The other interesting feauture is the high pressure northwest of Greenland, which I suppose is part of Newhie coming back to life after part was squashed down into Canada.  If you compare this morning’s isotherms with yesterday morning’s, you can see it is getting colder. The “black hole,” created by the area around the pole where the sun never rises any more, has expanded south to the north coast of Greenland.  Every day the area atop our earth where the sun has no influence grows larger, and the ability to generate cold grows greater.

Sadly, many of the cameras that still function have stopped adding to their neat films, but you can still get a picture of the twilight that still occurs at high noon.  Here’s a picture from  Buoy 2013H: earlier today, located across the Pole at 80.94 N, 149.42 E, with temperatures at  -12.11 C. (Click to enlarge.)

Obouy 10 Oct 10 webcam

(I hope to get a picture when the moon “rides high,” during the next full moon.)

The ice is growing back much more quickly this year than last year. Here is a map from Steve Goddard’s site comparing where ice exists this year but didn’t last year (in green,) with areas ice existed last year but doesn’t this year (red.) Yellow is where ice existed on this date both years. (Click to enlarge.)

Goddard comparison Oct 12 screenhunter_1381-oct-11-07-28

The main red areas, where ice existed last year but doesn’t this year, is in areas where ice is slushed south through Fram Strait to melt into the North Atlantic.  The fact ice hasn’t headed south this year leaves that much more ice up north.  It sure doesn’t look like we are on our way to an “Ice-free North Pole.”

Even though it looks like our Forcamsite is at long last headed south, a lot of freezing is occurring as we go. The storm that pushed us nearly sixteen miles south yesterday was blasting the water with winds of 35 mph and temps of -13, or 8.6 Fahrenheit. Considering salt water starts freezing at 29 Fahrenheit, such winds can’t bring about much melting.  In fact it would seem the seas should jam up and coagulate. It will be interesting to see if southward motion slows at all.

Ice does continue to exit via Fram Strait all winter, but old maps show that some years it doesn’t melt, and some springs see an ice pack stuck to to the east coast of Greenland right down to its southern tip.

In the mid-1800’s there were reports of a few winters where the ice-pack even touched the north coast of Iceland.  In my humble opinion, that’s takings things too far.


We actually moved a bit north, from 82.953°N at 1500z to 82.962°N at midnight, before winds swung around and increased to 22 mph, and brought us south to 82.871°N by 1500z. Longitudinally we moved  from 3.204°W east to 3.167°W at 1800z yesterday, then west to 3.197°W  at 2100z, then back east to 3.162°W at 0300z today, then back west to 3.500°W at noon, and then back east to 3.458°W at 1500z.

After all that work, we only covered 6.09 miles.  That’s only a quarter mile an hour.  Do you know how slow that is?  At age 82 my Dad could go faster than that using a walker (which he called “my gallopper.”)

I guess it just goes to show you, if you want to get anywhere, don’t change direction all the time. Sounds like a fine philosophy, and I intend to try it out, as I have to drive to Boston tomorrow.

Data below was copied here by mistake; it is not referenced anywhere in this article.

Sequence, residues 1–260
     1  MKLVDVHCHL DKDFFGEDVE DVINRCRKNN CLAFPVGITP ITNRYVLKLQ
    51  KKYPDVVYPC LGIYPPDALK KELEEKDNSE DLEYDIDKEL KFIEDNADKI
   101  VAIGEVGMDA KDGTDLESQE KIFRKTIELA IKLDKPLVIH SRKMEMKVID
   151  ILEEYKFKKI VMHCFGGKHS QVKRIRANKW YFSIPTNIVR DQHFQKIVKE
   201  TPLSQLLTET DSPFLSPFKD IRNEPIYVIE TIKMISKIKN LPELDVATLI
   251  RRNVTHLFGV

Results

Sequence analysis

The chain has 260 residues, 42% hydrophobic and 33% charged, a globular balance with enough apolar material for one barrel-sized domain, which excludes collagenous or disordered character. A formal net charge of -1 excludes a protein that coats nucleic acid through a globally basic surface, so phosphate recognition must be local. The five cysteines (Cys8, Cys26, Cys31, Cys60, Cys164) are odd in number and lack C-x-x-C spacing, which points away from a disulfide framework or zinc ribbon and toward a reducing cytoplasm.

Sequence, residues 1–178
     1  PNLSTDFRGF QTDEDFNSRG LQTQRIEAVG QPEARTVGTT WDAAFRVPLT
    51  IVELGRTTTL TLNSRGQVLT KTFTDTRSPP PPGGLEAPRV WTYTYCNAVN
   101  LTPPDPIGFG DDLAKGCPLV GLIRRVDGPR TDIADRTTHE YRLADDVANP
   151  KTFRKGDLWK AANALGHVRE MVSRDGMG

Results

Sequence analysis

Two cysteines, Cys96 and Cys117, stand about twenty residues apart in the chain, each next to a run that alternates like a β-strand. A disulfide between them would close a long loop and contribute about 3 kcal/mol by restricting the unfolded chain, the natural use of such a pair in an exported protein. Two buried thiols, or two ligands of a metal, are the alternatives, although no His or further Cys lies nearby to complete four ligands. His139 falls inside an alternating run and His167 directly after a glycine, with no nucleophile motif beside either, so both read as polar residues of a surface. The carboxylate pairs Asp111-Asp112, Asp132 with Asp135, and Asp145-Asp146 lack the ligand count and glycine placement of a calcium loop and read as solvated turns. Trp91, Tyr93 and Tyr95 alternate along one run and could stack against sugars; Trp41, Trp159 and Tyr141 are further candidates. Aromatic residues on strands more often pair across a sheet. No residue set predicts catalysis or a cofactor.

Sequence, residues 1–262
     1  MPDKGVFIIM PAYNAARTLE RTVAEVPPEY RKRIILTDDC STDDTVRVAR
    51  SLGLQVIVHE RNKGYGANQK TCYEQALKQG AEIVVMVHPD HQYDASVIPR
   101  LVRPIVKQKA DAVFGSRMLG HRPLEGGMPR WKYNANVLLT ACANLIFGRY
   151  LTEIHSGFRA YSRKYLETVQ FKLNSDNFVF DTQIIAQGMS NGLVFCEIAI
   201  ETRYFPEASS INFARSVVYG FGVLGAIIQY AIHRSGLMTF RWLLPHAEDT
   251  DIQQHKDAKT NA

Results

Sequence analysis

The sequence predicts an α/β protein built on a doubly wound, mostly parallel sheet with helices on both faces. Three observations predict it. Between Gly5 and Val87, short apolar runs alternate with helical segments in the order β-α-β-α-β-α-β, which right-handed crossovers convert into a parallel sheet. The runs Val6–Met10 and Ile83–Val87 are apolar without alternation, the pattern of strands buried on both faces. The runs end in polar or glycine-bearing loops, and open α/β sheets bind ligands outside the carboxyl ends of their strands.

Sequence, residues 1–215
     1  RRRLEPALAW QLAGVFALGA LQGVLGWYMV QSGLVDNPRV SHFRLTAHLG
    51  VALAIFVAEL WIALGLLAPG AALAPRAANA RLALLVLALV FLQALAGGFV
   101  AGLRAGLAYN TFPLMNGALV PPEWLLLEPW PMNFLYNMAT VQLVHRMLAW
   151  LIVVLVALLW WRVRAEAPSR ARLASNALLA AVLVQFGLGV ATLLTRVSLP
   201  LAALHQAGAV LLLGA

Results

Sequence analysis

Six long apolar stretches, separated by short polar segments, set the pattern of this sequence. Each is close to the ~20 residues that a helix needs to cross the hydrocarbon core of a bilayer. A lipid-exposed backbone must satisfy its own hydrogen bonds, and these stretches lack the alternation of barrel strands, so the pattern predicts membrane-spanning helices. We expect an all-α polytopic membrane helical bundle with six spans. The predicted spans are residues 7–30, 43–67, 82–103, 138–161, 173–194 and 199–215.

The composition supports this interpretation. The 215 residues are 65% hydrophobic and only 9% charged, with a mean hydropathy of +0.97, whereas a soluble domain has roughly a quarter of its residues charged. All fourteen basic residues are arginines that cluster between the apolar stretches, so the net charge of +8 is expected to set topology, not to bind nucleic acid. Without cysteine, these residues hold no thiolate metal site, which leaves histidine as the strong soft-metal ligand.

As the winds at our Forkasite (I’m shortening the word “Forcamsite,”) veered over 160 degrees during the course of the day, temperatures also went through antics.  They sunk slightly from -13.0°C to -14.9°C at 1800z yesterday, and then rose gradually to -12.7°C at midnight, but then spiked up six degrees to -6.7°C by 0300z, and were still at -6.5°C at 0600z, but then spiked down nearly four degrees to -10.3°C by 0900z. They were still at -10.2°C at noon, but then spiked down nearly four more degrees to -14.1°C by the final report at 1500z.  Sunshine had nothing to do with it, as the sun has set for the winter at our site.

Obviously that slot of milder air, that was over our “companion buoy” this morning, was wheeled south over our site.  Our companion buoy had  a longer period of milder temperatures, as high as -1.6°C at noon yesterday,  and -4.7°C at 1800z yesterday, which stayed high at  -6.7°C at 0300z today, and then abruptly sunk to -10.3°C at 0600z and continued this plunge down to -19.2°C at 1500z.  To me this longer period of milder temperatures shows the arctic “warm sector” of this slot of air was wider, but uplift has made the slot narrower as it came south.  The slot is on its way to becoming an occlusion of warmer air aloft, with temperatures showing no uptick on the ground. (At 1500z our companion buoy was 87.1 miles north-northwest of our Forkasite.)

Some arctic maps show no sign of all these antics our Forkasite witnessed today. They saw nothing but straight lines of isobars between Flect, now far to the east, and Newhie, still far to our west.  I guess it just goes to show what you can miss if your weather observations are too far apart, and your “grid” is too large.


Leut, responsible for all the antics we saw in the daily data, is only the slightest waver in the isobars west of Svalgard in this afternoon’s map.  All that we have to focus on at our Forkasite is Flect, far to the east, and Newhie,  far to our west. Leut has become one of those “butterflies” that drive meteorologists mad by ruining their forecasts.

DMI Oct 12B pressure mslp_latest.bigDMI Oct 12B temp_latest.big